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Rays vs. White Sox, game 1 recap: Elimination

Logan Forsythe stars, Jeremy Hellickson does not.

Brian Blanco

I'm sorry, folks. I know this is tough to take, so I'll give it to you straight. The Rays will not make the playoffs this year. All of that mumbo-jumbo pseudo-probability about how unlikely it was for the Rays to complete the comeback that culminated in Game 162? Well, this is more improbable. It is not a dare, it is not potential, it is not temporary. For the 2014 Rays, the playoffs are now impossible.

But back to the realm of mere improbability. It was the Logan Forsythe show last night. In the first inning, with two outs, Evan Longoria watched an inside fastball go by for a strike, and then got the same pitch again, turning on it and lining it into left field for a single. Up next, Wil Myers grounded a pitch hard, but directly at the second baseman Marcus Semien, who was unable to handle it. The grounder ricocheted into center field, and both runners were able to advance, ending on second and third. That brought Forsythe to the plate. Forsythe worked the count full, fouled off a curve, and then lined an outside fastball into left-center for a two-run double.

Forsythe was back at the plate in the top of the fourth, and the at bat was eerily similar. This time, Forsythe found himself in a 2-2 count, fouled off two curves, and then got a fastball he could hit. This time it was over the heart of the plate, and Forsythe caught it well, flying over the left-center wall for his sixth home run of the year.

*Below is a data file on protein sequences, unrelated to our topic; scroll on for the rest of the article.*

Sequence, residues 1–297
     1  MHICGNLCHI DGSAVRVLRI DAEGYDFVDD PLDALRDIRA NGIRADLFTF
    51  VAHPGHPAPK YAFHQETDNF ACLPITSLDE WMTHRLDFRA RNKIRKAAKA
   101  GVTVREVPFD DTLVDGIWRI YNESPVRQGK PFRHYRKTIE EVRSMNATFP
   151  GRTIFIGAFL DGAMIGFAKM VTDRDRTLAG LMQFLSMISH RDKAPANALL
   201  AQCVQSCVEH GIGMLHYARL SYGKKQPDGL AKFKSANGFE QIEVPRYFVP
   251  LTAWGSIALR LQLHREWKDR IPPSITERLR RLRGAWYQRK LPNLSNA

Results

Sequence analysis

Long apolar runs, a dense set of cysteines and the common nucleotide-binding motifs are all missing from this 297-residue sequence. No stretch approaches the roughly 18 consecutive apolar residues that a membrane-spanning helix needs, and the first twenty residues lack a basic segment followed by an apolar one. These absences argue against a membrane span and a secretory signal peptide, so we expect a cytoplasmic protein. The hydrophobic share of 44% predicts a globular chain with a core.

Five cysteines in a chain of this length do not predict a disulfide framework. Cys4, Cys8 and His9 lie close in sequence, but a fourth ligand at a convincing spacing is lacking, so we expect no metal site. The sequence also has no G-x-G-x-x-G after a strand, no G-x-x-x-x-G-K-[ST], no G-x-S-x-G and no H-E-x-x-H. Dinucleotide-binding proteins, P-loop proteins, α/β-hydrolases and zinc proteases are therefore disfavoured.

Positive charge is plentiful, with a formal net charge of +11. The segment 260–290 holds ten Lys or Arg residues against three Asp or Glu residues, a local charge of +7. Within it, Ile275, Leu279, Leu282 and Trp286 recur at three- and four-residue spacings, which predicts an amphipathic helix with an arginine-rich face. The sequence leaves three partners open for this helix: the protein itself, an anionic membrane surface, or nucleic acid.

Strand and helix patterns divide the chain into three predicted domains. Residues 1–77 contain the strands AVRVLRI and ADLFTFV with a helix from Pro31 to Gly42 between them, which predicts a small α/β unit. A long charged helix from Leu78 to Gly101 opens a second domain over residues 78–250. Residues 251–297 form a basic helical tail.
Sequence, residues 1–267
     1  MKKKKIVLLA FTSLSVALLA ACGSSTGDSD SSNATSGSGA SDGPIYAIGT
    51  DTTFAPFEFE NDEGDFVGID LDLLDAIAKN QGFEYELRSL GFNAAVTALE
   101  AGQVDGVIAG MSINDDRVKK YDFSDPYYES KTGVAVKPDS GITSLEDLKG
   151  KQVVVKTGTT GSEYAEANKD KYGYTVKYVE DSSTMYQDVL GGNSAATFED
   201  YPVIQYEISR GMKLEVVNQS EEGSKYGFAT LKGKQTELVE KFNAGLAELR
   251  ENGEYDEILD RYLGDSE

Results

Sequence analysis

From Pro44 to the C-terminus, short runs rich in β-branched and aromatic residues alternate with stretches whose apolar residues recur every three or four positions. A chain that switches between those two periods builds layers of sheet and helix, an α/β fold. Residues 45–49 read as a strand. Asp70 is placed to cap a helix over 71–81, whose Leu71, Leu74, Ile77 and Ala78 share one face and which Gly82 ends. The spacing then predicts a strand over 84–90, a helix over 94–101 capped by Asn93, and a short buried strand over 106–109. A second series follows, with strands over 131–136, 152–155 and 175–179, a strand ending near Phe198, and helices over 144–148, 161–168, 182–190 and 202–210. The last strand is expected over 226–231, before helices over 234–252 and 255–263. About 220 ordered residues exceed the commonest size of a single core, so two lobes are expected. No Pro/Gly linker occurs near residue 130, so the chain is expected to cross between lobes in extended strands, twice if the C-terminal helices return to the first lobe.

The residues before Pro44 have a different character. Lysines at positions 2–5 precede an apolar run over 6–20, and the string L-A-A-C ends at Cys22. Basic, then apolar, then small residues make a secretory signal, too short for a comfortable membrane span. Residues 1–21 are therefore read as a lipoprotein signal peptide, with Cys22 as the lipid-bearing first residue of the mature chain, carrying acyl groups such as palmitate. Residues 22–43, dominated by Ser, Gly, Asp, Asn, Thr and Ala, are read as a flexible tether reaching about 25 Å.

After the home run, the Rays bats continued to connect in the fourth, but they ran themselves out of the inning. Yunel Escobar singled, and then James Loney grounded up the middle for another base hit. Escobar tried for third, but he shuffled his feet just a little bit as he crossed second, and it may have cost him. Adam Eaton got off a good throw from center field, and gunned Escobar down at third. Now with one out, Jose Molina also singled to put runners at first and second, and Kevin Kiermaier hit the ball hard, but straight back to Jose Quintana. Molina was caught off the bag and easily doubled up. In the next inning, Jeremy Hellickson would make the Rays wish they had got more out of their opportunities.

He started off by walking the leadoff man, Semien, and then Eaton knocked an elevated outside fastball the other way over Ben Zobrists's head for a double. Against Alexi Ramirez, Hellickson tried to come inside, but left it over the plate, and saw it flipped into short right to let in one run. Now facing the intimidating Jose Abreu, Hellickson once more tried to come inside with a fastball, and this time he got the pitch where he meant to. Abreu was too good, however, and was able to pull his hands in and smack another run-scoring single up the middle. Conor Gillaspie grounded to first base for the first out, but Avisail Garcia grabbed hold of an absolutely grooved first-pitch curve and drove it just over the outstretched glove of Zobrist in the gap. I'm not sure Zobrist took the best route to the pitch, but it was hard hit, and it would have taken an amazing play to make the out.

Brandon Gomes cleaned up the inning, but the damage was done.

Some other notes:

  • Brian Anderson noted that before Garcia's go-ahead double, he had taken some very healthy swings against Hellickson's curve. He was critical of the Rays for going back to the curve in that crucial situation. I'm sort of with him, but in fairness to the game plan, that curve was thigh-high, center-of-the-plate.
  • The Rays nearly tied the game after an error in the seventh with some aggressive baserunning by Kiermaier, but a good recovery throw from Semien caught KK at home and ended the inning.